Last week, I wrote a post that went sort of viral. It didn't get millions of pageviews or land me on the front page of Reddit.com, but after 7 days it was shared 1,092 times, it produced a huge traffic spike and 231 people took time to leave a comment.
— kevinmulligan (@kevinmulligan) February 11, 2014
I've had a few posts within the past few months that have seen the same kind of numbers, however this particular post produced one unique dividend: Significantly more email subscribers.
My weekly average increased by 315% (comparing last week's average to the average from weeks before).
Additionally, I received 109 emails (I counted) just like this one:
“Pat, I just found your blog for the first time and read your latest post. I tried tip #5 and it worked! Thank you so much!! I just subscribed to your email list and I can't wait for more from you. Thank you!”
These are emails from first time visitors who not only subscribed to my email list, but took the time to visit my contact form or reply to a follow-up email to say thank you and tell me they want more.
That's huge, especially for a brand new visitor. Plus, 109 is just the number of people who reached out—there are several more who subscribed who did not.
So what was the differentiator? What made the highlighted post generate so many more subscribers than the others that had the same amount of traffic and shares?
That's what I'm going to cover in this post, but first I'd like to tell you a quick story…
That Time I Stayed up for 48 Hours Straight
During my junior year of college, a friend of mine introduced me to a video game that turned into an absolute addiction.
On average, 12-15 hours of my day was devoted to this game, and at times, especially when I was near a new milestone, I'd put in even more time. Once, I stayed up for 48 hours straight as cans of Monster and Redbull populated the desk in my room.
World of Warcraft.
I specifically remember the first time I played WoW, and I knew—I just knew it was going to become an addiction because during the first 10 minutes, I had already completed 2 quests, leveled up twice and unlocked several new abilities—not to mention my coin bank was already growing.
It was awesome.
This game gets progressively harder as you level-up and progress, but in the beginning, so many amazing things happen rather quickly, and all of those small quick wins combined converted me into an addict.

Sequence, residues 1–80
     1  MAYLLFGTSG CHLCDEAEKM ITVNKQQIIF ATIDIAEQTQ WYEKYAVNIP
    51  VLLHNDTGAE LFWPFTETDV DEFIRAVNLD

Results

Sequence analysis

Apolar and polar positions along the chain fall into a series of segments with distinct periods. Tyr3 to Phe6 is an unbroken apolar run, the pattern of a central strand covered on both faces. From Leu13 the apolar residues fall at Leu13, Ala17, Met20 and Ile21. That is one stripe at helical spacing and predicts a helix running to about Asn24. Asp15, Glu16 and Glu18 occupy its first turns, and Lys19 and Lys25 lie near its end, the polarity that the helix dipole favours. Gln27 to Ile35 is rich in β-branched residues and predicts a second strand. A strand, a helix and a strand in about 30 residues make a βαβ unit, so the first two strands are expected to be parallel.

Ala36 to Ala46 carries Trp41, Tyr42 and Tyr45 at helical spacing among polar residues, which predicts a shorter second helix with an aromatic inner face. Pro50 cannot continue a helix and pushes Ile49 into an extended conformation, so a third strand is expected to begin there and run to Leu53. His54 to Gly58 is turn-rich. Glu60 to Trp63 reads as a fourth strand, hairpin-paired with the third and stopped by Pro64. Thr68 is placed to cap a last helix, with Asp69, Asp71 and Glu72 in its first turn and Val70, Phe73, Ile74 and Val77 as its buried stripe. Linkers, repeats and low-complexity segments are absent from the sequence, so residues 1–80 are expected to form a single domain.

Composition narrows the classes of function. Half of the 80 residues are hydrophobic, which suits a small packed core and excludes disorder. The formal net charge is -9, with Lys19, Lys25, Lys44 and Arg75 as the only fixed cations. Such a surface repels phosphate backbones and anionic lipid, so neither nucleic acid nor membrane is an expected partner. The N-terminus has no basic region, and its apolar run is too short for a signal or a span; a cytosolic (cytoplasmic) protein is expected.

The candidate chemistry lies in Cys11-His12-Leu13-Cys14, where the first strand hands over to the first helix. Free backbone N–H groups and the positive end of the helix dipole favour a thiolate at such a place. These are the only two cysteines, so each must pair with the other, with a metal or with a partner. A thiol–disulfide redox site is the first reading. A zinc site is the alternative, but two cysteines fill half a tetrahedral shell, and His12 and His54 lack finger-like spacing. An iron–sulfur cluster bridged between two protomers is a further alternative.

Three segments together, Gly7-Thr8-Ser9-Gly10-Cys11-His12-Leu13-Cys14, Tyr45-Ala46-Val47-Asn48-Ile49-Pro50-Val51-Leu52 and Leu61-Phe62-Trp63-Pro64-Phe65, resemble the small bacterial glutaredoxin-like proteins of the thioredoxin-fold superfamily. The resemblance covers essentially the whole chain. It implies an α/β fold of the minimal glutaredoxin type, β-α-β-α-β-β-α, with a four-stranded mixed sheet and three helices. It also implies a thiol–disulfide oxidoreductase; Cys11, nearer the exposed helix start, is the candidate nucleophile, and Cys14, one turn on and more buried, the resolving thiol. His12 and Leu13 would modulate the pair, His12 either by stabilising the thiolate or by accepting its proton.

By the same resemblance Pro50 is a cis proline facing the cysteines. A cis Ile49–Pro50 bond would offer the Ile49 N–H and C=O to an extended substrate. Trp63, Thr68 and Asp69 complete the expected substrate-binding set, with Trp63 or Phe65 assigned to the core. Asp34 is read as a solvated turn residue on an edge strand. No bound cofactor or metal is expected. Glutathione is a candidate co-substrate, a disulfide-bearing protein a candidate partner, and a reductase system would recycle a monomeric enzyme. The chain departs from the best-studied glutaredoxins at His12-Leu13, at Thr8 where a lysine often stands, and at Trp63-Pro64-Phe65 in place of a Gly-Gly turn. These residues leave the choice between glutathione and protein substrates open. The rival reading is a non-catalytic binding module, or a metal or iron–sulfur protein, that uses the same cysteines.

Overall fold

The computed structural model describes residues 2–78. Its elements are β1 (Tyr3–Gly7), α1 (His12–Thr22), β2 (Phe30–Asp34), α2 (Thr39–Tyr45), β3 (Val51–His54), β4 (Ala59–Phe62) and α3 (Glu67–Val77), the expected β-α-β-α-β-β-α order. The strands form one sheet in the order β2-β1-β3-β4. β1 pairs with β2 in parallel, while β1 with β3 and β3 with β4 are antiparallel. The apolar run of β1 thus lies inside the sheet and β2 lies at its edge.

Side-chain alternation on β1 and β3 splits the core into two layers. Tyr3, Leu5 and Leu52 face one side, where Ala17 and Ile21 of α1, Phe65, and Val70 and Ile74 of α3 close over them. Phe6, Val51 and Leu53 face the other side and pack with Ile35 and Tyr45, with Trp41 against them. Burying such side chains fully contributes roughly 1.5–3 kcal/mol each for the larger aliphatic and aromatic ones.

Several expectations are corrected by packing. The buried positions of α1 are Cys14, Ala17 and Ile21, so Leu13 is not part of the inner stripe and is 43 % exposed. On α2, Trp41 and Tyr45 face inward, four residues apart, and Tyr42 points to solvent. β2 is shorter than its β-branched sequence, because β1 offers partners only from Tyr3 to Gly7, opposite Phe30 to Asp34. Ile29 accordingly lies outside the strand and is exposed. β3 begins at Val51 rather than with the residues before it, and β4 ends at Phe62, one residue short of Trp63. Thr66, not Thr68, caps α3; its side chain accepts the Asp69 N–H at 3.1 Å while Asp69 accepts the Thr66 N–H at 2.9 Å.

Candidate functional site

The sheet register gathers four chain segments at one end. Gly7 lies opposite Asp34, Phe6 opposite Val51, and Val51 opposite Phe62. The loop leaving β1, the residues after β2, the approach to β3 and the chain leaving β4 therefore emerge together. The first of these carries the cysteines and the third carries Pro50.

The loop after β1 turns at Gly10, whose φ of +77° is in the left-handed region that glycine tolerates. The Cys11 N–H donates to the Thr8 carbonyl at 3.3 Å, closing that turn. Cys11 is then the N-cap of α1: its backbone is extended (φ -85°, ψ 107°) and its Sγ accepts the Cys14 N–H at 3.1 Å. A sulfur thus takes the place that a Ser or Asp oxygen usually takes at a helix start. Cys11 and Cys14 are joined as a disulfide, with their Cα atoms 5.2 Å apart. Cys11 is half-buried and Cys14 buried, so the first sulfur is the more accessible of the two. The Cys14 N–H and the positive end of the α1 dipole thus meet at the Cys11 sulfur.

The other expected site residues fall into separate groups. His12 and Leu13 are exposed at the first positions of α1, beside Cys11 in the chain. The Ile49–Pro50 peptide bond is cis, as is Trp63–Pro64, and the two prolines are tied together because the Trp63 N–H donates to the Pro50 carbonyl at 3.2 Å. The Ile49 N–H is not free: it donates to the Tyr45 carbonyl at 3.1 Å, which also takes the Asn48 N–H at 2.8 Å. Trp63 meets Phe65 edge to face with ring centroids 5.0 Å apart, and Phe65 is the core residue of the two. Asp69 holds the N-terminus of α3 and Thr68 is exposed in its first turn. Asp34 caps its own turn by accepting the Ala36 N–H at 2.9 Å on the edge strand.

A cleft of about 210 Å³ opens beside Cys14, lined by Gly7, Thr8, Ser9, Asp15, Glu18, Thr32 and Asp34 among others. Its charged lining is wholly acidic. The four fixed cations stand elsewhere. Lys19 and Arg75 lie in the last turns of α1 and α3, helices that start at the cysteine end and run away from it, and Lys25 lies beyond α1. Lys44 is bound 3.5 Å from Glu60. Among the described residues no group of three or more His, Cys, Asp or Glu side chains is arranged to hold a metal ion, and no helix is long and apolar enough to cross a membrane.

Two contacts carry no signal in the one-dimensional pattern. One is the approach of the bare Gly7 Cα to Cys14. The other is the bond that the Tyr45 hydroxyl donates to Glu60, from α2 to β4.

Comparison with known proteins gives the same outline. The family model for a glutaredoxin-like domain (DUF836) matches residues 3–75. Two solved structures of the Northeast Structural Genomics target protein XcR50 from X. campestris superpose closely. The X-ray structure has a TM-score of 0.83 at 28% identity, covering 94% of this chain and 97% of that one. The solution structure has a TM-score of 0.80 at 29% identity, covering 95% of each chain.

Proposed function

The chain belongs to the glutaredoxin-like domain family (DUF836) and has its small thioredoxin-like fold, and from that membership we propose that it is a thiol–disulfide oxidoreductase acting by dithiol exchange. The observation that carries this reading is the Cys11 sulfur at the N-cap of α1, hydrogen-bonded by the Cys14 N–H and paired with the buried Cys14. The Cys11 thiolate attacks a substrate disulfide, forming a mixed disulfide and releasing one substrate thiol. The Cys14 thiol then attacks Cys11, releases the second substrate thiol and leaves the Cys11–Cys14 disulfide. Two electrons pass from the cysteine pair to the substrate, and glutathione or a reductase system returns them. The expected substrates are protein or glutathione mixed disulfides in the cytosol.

In Charles Duhigg's best-selling book, The Power of HABIT [Full Disclosure: As an affiliate, I receive compensation if you purchase through this link], he talks about exactly why small quick wins are so powerful:
They're powerful because of the quick reward. Our brain needs a reward to say “this pattern is worth remembering for the future”.
A small, quick win helps people associate reward with whatever helped to produce it.
World of Warcraft produced several quick wins within the first 10 minutes, which is how I got hooked.
I'm also a huge fan of Ramit Sethi's blog because there was one specific post I read that helped me save $30/month on my cable bill with one simple phone call.
I'm a huge fan of RunnersConnect.net because early on my coach taught me a quick breathing exercise I could do while running to immediately get rid of the cramps on my side. It worked instantly.
And my last post generated a ton of new and excited subscribers because it was chock-full of ways to produce a small, quick win. That was the strategy behind the post.
There were 5 of them, and I highlighted that each would only take 5 minutes to implement in the title. And of course, people who took action experienced the quick win: We all want our readers and listeners to go big—to change their lives for the better from the value that we provide for them over time.
If you want change somebody's life, give them something that changes their day first. (click here to tweet this)
And Now, It's Your Turn
My call to action for you today is this:
Sometime in the near future, create content that helps your audience experience a small, quick win.
It doesn't have to be 5—it only has to be 1—but be intentional when sharing it with your audience.
Let them know it won't take very long, and if possible create a step-by-step outline or video that will make it even quicker to achieve. Then, give people an opportunity to subscribe—and in many cases, you'll make an impression that is the start to many more experiences with you and your site down the road, and you'll grow your email list at the same time.
If you end up publishing your quick win post, podcast or video, please share the link here in the comment section so we can all check it out. 🙂
The best quick wins to share are ones that come from your own experience. It's one thing to create tips off the top of your head and share those, but it's another to have also put them into action yourself.
Your audience will take notice when you do, and follow your lead even more.
@PatFlynn I like how the very first thing I noticed about this post was that you exemplified every single point with the post itself!
— Timothy Moser (@ACEProductivity) February 12, 2014
Here's to you and your success, and the quick wins you'll share with your audience.